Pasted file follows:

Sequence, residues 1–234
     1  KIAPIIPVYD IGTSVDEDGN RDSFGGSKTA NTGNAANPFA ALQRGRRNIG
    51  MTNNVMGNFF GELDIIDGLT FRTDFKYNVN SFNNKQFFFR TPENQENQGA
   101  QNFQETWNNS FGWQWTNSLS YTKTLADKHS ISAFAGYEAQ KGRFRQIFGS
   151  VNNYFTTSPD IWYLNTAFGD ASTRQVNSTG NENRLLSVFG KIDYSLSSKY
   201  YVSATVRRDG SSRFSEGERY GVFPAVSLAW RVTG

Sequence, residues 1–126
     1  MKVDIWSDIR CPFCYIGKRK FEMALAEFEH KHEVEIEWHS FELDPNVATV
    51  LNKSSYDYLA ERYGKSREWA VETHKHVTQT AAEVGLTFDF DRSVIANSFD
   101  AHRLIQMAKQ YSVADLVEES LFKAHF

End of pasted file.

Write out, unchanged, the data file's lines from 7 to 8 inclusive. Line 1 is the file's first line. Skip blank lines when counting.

Sequence, residues 1–126
     1  MKVDIWSDIR CPFCYIGKRK FEMALAEFEH KHEVEIEWHS FELDPNVATV